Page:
Inconsistent and Odd- The Spacing Of My Children and the Mention of the Dreaded Gap

Last week it was school conferences for my boys. Conferences are always a joy to go to, presenting a nice opportunity to get that individual time to chat with the teacher about your child. It always gives me some surprise insights into the wild little personalities of my kids.

While at my oldest son’s fifth grade conference, his teacher expressed how much she enjoyed having him in class. Of course that makes any parent proud, not to mention his excellent academics. However, it seems to be the role as class clown and silly antics that give him his notoriety.

Let me just say, she must be an amazing teacher to walk the trenches with my son every day for nine months! Really though, he’s a great kid! 

My husband and I attended the conference with our two youngest children in tow while the older boys were at baseball practice. Adoringly, the teacher asked what grades the younger kids were going to be in come fall, curious if any siblings were headed her way.

“We will have a second grader, one in kindergarten, a preschooler, and then a sixth grader, referring to her student and our oldest.

“Oh wow, you really have a big gap in ages there between the two boys,” she replied referring to the nearly four and half-year span.

I hesitated, taking a moment of silence to myself as I debated what to say next. Big gap. Did she just say that? Yes, but I know she probably had no clue as to why the ‘’gap.’’ Thinking to myself, why yes, there is a rather large gap, as you say. Do I dare explain to her why there is such a gap, why the spacing of my children is inconsistent and a bit odd? That my son used to be the youngest of two but now he is the oldest of four. Yeah, no. I do love the opportunity to talk about my daughter but fifteen minutes just won’t do and I didn’t have the heart to tell this fantastic lady the real reason for “the gap. “

“Yes, there is a large gap between the two.” I said out loud, simultaneously swallowing the lump in my throat, hoping it would end there and deciding in a quick second that it was easiest for both of us just to let this one blow over.

In between our jovial conversation, I was puling double duty listening to her stories, while trying to subdue to little sprouts of guilt and debilitating memories of that day that were trying desperately to occupy space in my peaceful mind. Knowing my body’s routine, I quickly passed over the topic onto something else before anyone could notice, subduing the emotions that surely would rapidly rise.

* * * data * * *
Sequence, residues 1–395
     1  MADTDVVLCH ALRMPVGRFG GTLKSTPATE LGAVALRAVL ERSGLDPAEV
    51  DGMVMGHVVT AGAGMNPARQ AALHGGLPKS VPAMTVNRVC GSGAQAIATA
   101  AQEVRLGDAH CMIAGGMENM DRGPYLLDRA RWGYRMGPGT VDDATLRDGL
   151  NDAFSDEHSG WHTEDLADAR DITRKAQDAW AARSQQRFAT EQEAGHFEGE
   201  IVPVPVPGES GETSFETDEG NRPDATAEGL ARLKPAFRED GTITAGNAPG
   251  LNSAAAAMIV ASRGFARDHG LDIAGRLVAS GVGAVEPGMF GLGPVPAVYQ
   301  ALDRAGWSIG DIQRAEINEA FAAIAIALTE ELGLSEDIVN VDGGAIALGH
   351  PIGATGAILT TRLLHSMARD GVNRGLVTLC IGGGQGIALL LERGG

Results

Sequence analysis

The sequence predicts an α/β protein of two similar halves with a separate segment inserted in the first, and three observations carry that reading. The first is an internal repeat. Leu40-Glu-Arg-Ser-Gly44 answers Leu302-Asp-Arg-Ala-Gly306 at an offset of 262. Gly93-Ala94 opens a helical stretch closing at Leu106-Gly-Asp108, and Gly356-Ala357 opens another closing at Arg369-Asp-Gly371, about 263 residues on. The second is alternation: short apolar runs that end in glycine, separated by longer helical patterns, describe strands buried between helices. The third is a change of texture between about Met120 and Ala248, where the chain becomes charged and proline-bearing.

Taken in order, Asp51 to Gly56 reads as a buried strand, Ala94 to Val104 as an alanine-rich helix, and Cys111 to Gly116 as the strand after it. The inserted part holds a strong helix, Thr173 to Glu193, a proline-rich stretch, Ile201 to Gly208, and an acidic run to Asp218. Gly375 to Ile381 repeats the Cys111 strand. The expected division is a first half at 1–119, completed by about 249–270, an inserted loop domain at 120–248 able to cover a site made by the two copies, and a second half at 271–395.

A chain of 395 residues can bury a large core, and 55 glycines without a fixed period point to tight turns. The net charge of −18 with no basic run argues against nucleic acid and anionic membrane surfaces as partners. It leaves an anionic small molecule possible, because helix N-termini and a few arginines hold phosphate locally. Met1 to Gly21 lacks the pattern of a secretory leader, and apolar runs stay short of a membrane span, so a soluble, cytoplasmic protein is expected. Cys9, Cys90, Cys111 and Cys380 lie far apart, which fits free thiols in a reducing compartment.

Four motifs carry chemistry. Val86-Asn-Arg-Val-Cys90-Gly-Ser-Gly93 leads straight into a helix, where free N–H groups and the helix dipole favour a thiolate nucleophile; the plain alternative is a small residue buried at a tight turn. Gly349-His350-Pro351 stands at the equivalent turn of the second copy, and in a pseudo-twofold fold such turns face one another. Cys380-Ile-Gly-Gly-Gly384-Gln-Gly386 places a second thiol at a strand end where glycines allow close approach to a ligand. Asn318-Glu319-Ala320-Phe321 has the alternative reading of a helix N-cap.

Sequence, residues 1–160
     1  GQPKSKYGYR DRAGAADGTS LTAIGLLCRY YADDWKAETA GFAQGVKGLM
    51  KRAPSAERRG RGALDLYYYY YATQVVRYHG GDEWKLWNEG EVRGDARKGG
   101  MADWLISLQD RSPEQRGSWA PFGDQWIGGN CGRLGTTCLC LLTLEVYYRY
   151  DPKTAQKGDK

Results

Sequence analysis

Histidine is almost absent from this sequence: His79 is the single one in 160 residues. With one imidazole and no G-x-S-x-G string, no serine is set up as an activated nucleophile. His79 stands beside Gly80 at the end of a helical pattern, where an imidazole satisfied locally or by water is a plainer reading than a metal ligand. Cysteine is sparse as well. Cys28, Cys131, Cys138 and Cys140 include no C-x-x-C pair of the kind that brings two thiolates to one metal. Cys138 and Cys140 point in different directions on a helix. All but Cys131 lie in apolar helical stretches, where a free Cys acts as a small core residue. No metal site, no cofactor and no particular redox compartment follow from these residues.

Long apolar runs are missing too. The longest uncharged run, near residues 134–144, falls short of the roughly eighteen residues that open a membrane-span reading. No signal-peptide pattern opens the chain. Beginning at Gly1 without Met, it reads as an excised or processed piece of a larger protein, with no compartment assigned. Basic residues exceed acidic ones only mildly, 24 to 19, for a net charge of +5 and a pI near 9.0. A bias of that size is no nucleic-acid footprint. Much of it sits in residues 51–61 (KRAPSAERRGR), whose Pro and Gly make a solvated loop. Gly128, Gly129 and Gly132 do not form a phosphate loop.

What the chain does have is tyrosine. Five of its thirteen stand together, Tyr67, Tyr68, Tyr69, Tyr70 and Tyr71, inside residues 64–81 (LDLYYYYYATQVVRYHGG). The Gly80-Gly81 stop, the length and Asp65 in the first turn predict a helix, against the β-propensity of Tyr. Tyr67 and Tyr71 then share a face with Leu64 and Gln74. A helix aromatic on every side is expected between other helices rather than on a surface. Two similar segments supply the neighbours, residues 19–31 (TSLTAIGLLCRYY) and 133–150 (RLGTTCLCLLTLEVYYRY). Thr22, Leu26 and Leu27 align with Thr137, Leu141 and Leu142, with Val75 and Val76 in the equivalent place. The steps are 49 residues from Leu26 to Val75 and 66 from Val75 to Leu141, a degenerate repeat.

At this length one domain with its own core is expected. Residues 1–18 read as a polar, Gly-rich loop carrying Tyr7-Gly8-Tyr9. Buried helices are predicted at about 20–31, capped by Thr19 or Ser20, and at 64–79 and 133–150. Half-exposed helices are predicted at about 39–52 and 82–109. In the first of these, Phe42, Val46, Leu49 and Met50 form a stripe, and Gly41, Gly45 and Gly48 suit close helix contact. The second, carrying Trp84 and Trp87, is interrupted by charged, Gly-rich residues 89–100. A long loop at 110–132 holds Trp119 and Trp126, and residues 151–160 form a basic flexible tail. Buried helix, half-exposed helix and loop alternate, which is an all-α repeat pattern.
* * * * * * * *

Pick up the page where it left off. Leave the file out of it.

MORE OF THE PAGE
It’s hard to imagine that such an innocent question for some can be nearly debilitating to others. It’s a constant battle each and every day, dodging the reminders. Yes, even after seven years. No, I’m not crazy. I’m a mom. A mom who’s loved and lost the most cherished part of her heart, forever. But I’ve learned to dance among the flames and take it all in stride.

The “gap” will always be visible, standing out to me and others at first glance. But that “gap” represents a time of before and after, old and new, what was then and what will now be, forever becoming a predominant marker of my life before my daughter died and the eternal after.

All these years later, I’m still fighting the dragons of defeat and I suppose I always will. Yet that is the price we pay for love and I wouldn’t trade my memories and the love she gave me, for they are priceless, making me the person I am today.

Before
www.greivinggumdrops.com

and after.

www.grievinggumdrops.com

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4 thoughts on “Inconsistent and Odd- The Spacing Of My Children and the Mention of the Dreaded Gap

  1. Mark Myers says:

    Such a conundrum every time it comes up. I struggle because I don’t want to make someone feel really bad for an innocent comment. But I don’t want to minimize the daughter I lost. It’s always a call for discretion, isn’t it.

    • Daphne says:

      Oh Mark, you are so right. It is an uncomfortable dilemma every time. So sorry for the loss of your daughter as well. We just have to go with what feels right at the time. On the journey with you~Daphne

  2. sheriroaf says:

    How uncanny to have written on the same topic without even knowing! My heart is breaking at the teacher’s comment. I know the feeling well, while you try to decide what to say. Hugs mama.

    • Daphne says:

      Oh my yes! Thank you. I know you know the same feeling. So sorry we share this journey. Many hugs to you sweet grieving mom. May Mother’s Day be gentle and you embraced by sweet memories.

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